The Particle Physics Data Grid (PPDG) project aims to implement and evaluate distributed (Grid-enabled) data access and management technology for current and future particle and nuclear physics experiments. PPDG has been underway since August 1999, funded initially by the DOE Next Generation Internet program, and recently by a combination of DOE HENP and the Mathematical, Information, and Computational Sciences (MICS) office. It is a collaborative effort between computer scientists and physicists at DOE HENP laboratories (Argonne, Berkeley, Brookhaven, Fermilab, Jefferson and SLAC), Caltech, the San Diego Supercomputer Center (SDSC) and the University of Wisconsin. PPDG has focused on integrating middleware and tools under development by members of the collaboration.

Within the broad vision of Grid-enabled data management and access for HENP, the specific goals of PPDG are to:
- Design, implement, and deploy a Grid-based software infrastructure capable of supporting the data generation, processing and analysis needs common to the physics experiments represented by the participants
- Adapt experiment-specific software to operate in this Grid environment and to exploit this infrastructure. To accomplish these goals, the PPDG will implement and deploy three critical services:
- Reliable and efficient File Replication Service
- High Speed Data Transfer Services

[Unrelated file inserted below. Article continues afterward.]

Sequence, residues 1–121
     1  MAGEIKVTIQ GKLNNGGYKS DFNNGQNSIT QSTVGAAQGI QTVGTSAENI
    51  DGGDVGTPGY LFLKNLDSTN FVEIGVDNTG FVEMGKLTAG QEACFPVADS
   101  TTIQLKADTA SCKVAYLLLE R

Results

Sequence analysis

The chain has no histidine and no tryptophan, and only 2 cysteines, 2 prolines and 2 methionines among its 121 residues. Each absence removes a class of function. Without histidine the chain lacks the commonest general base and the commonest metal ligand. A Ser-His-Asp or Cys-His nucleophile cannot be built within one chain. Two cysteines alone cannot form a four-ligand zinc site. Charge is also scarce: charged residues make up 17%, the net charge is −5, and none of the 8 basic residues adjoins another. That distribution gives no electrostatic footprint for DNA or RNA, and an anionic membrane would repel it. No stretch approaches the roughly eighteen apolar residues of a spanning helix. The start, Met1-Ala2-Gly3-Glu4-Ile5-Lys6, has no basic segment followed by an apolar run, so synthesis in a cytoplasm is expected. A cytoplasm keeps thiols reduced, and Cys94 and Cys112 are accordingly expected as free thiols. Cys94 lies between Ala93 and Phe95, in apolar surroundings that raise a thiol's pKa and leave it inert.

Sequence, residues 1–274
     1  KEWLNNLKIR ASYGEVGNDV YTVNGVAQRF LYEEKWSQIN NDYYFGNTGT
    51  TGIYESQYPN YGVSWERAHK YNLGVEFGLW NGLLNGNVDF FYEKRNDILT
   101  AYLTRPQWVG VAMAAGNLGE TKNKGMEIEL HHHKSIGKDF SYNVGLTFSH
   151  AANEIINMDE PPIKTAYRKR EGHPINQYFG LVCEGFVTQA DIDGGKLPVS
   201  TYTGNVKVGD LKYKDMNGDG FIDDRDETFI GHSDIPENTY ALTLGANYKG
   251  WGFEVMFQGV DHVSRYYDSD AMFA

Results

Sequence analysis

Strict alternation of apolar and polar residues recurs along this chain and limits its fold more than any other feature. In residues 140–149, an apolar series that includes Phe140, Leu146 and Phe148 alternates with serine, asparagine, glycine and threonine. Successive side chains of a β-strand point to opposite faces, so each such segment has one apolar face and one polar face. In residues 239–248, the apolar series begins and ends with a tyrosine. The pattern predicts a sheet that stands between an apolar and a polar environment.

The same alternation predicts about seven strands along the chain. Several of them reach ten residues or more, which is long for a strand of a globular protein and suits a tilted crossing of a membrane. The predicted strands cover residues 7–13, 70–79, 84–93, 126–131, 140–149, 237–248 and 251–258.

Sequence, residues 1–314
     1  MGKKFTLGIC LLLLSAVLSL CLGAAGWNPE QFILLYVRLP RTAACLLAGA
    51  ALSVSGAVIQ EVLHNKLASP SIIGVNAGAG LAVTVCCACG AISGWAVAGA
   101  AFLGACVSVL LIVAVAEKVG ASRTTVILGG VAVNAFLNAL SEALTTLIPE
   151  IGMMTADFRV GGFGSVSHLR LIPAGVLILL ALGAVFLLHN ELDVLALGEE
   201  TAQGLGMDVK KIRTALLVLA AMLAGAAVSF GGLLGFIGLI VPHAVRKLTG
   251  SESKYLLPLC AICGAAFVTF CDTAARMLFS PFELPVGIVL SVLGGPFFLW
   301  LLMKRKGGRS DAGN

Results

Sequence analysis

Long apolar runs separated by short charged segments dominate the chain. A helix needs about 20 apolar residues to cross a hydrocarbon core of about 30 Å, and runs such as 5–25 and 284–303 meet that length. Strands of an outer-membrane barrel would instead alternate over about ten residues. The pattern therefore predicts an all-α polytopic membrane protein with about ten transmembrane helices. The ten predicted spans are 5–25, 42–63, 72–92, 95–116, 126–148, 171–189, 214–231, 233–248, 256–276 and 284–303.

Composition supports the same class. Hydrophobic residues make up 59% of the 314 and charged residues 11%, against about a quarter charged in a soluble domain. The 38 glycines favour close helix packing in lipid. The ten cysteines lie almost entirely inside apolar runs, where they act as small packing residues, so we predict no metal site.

- Multi-Site File Caching and Staging Service

Our accomplishments so far are: deployment and integration of Storage Resource Broker (SRB) catalog and data transfer services with local data access and staging utilities; multithreaded copying of BaBaR data to Lyon; robust file replication rates of up to 80 MBytes/sec between SLAC and Caltech; automated transfer of 1.5 TBytes of Fixed Target data between Fermilab and Indiana. We have collected the short-term file replication needs of the different experiments and have been using them to guide the definition of a File Replication API.

Recently a complementary project named GriPhyN ( was proposed to the Information Technology Research (ITR) program of the NSF. Like PPDG, the new project is a joint effort of computer science and physics researchers and spans a large number of universities and research laboratories. If funded, the new project will target an overlapping set of the physics community, concentrate on the long-term IT research necessary for peta-scale data Grids; the GriPhyN proposal hence complements the PPDG effort, which is aimed at providing early experimentation and deployment of Grid services for the HENP community. The early utilization supported by PPDG is serving the purpose of a) providing useful software components, b) educating the physics community on the potential of Grid technology and c) provide feedback to Grid developers to help define the services and architecture.

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